a new parameter b in the function d1 (p), which the author argues represents competitiveness. The
author performs comparative statics analysis of the optimal price, expected sales and average inventory and shortage costs with respect to the parameter b and illustrates uncertainty may lead to
results different from its deterministic counterpart.
The intuition explaining the observation of the optimal riskless and risky prices under different
demand models is offered in Zabel (1972) and Petruzzi & Dada (1999). The latter paper introduce
a new price benchmark, referred to as the base price. For a given value of z, the base price is defined
18
as the price maximizing the profit from expected sales, i.e., the optimal solution of the problem
Max p (p − c)(d1 (p)E[min(z, )] + d2 (p)).
Petruzzi & Dada (1999) illustrate that the optimal risky price can be interpreted as the sum
of the base price and a (nonnegative) premium for both the additive and multiplicative cases.
Interestingly, in the additive demand case, the premium is zero since for a given z the expected
understocking and overstocking are independent of the price p.
All the above papers assume that unsatisfied demand is lost. Simchi-Levi et al. (2005) analyze
a single period inventory and pricing model in which unsatisfied demand is filled through an emergency order with a cost higher than the regular ordering cost c. In this case, the expected profit
function is well-behaved and existence and uniqueness can be warranted under general assumptions.
Simchi-Levi et al. (2005) prove that for the multiplicative demand case, the optimal risky price is
no less than the optimal riskless price, which is consistent with the lost sales models. However, for
the additive demand case, the optimal risky price equals the optimal riskless price.
Most papers assume that demand depends only on price but not a firm’s inventory level. Dana
& Petruzzi (2001) depart from this assumption by modeling customers’ choice explicitly in view
of product availability and their outside options, which leads to stochastic price and inventory
dependent demand. They illustrate that by internalizing the inventory effect on demand, the firm
would order more, set a higher fill rate and earn higher expected profit.
Several papers incorporate risk aversion into single period inventory and pricing models.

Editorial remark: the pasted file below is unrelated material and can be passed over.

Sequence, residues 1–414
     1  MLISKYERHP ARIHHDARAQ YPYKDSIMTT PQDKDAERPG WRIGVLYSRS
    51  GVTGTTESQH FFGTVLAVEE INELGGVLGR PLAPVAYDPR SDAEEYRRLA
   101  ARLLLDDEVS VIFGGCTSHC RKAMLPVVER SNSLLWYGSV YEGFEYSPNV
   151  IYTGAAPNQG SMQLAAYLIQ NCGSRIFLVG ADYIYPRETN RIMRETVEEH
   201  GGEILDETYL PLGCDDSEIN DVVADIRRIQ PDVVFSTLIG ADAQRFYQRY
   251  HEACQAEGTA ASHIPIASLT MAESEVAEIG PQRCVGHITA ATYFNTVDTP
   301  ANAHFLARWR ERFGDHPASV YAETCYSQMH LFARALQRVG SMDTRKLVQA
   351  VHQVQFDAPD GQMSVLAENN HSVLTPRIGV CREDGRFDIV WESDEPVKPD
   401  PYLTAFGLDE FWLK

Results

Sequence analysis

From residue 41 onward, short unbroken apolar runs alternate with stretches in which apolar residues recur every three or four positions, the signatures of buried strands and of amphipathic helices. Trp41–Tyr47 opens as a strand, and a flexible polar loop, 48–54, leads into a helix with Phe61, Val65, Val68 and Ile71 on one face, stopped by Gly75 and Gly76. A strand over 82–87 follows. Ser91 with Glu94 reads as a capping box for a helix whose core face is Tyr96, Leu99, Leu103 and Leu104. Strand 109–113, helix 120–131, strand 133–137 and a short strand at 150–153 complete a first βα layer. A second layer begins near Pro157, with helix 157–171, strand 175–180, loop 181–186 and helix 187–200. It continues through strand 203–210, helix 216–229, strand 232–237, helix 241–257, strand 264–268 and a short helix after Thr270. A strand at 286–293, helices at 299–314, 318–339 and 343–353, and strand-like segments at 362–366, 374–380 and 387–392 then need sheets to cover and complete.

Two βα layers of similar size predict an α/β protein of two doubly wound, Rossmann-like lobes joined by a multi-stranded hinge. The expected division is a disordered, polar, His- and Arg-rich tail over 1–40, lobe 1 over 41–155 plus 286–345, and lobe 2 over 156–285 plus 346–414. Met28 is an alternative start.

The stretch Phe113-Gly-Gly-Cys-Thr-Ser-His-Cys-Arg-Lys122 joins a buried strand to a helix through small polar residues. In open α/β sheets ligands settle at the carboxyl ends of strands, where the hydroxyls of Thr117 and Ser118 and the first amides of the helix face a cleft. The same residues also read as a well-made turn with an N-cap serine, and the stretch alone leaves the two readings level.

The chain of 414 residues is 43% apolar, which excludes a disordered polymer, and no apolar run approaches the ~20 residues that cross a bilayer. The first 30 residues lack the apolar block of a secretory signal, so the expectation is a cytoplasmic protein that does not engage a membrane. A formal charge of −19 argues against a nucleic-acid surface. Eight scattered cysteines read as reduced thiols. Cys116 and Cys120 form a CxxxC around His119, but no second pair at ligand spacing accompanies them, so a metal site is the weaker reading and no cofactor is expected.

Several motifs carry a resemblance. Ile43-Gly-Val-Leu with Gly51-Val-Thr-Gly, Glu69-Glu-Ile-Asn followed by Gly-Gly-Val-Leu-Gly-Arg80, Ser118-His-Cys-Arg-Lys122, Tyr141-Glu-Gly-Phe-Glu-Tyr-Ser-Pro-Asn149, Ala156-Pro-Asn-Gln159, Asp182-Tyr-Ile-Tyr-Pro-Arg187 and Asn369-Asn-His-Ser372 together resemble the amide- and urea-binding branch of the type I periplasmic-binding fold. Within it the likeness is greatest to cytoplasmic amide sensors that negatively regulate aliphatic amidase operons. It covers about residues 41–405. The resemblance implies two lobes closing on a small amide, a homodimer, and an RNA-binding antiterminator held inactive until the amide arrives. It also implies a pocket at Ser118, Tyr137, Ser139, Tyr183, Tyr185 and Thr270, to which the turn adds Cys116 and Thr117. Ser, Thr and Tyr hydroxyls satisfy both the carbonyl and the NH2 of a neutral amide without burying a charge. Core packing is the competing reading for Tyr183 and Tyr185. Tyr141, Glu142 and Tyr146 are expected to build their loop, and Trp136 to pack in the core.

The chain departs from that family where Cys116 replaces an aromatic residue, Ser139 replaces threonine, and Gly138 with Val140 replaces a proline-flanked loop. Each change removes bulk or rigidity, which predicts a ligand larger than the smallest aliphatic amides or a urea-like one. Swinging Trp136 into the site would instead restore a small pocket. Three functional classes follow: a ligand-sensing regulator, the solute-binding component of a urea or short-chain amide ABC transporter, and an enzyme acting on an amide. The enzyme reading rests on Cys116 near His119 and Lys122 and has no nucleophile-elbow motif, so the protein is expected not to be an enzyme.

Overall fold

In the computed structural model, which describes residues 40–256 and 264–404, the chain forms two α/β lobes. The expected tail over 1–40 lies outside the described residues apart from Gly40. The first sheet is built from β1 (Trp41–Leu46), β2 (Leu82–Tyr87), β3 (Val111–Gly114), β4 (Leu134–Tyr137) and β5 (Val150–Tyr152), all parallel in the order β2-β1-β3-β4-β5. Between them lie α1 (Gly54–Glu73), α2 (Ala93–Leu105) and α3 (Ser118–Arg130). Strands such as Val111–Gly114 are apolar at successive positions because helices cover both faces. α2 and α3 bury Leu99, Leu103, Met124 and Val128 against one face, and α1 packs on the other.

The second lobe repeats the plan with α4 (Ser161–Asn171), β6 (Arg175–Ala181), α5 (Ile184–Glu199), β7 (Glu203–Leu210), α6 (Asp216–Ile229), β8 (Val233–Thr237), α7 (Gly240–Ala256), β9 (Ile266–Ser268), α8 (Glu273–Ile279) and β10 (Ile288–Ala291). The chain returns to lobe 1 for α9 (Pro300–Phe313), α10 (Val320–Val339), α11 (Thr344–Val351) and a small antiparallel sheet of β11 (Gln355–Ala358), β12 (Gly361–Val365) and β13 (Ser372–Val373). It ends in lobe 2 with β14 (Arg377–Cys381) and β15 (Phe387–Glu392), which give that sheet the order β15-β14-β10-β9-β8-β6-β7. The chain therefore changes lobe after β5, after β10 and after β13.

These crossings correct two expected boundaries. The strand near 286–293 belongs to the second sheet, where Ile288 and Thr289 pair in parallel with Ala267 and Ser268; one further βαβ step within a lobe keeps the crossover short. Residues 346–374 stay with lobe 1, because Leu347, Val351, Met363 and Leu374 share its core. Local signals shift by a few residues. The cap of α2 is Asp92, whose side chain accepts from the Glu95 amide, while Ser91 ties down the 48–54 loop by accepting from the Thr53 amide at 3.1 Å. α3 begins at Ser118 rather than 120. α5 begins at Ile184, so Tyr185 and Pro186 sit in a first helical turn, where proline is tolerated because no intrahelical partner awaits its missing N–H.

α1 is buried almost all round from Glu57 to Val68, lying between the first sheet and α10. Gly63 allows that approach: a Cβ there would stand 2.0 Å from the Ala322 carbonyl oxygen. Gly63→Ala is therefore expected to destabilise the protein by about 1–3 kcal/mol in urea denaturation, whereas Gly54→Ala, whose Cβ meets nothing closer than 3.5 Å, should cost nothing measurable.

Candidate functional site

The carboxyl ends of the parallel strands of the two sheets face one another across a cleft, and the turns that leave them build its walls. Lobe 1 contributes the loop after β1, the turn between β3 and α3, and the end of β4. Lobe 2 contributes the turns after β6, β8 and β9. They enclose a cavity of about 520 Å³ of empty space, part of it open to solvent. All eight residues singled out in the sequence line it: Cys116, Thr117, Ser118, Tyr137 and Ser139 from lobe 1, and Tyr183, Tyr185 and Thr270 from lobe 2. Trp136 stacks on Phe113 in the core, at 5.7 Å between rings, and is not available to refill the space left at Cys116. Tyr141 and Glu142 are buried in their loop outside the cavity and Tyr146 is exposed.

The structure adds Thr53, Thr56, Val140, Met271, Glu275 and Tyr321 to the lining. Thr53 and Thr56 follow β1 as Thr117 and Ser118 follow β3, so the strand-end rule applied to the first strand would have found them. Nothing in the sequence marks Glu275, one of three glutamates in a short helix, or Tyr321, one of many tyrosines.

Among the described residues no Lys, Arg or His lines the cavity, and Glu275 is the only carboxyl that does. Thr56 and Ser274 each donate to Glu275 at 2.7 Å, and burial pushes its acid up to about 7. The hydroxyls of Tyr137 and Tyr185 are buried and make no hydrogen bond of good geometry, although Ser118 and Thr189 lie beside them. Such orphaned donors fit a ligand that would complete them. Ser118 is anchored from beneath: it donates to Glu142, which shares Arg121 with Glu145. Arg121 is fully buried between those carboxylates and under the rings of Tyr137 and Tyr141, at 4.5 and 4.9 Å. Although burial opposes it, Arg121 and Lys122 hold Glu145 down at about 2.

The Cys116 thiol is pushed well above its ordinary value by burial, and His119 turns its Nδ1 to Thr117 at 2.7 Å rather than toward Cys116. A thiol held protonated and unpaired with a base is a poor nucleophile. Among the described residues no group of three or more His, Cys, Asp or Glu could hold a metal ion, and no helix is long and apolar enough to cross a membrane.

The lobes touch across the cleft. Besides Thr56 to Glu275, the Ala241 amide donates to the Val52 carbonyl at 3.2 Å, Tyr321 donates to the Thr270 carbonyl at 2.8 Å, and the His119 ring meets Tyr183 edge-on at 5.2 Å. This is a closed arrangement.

Among them, Leland (1972) develops a model of an expected utility maximizing firm facing random
demand whose relation with price is specified as an implicit function. Depending on whether the
ordering and pricing decisions are made before or after the realization of the underlying uncertainty, Leland (1972) analyzes four models with different postponement strategies and compares
risk averse models with their risk neutral counterparts.
Agrawal & Seshadri (2000) analyze a model similar to the one in Simchi-Levi et al. (2005).
However, they assume that the decision maker is risk averse and use expected utility as the risk
measure. They prove that for the multiplicative demand case, the risk averse decision maker sets
a higher price and orders less compared with its risk neutral counterpart, while for the additive
demand case, the risk averse decision maker sets a lower price. A different risk averse model is
19
analyzed in Chen et al. (2009b), in which risk is measured by the conditional value-at-risk, a risk
measure commonly used in finance literature. Focusing on the lost sales model, they derive results
regarding optimal risky price and riskless price that are consistent with risk neutral models. They
also illustrate that the more risk averse the decision maker is, the smaller the optimal price will
be (for both additive and multiplicative demand case), and the smaller the ordering quantity will
be (for multiplicative demand case). A different and yet related model is proposed in Lau & Lau
(1988) in which the objective is to maximize the probability of attaining a target profile.
Research on multi-product models is limited. This is not very surprising given the analytical
complexity even for single product models. Aydin & Porteus (2008) further demonstrate the analytical complexity through a single period inventory and pricing problem with multiple products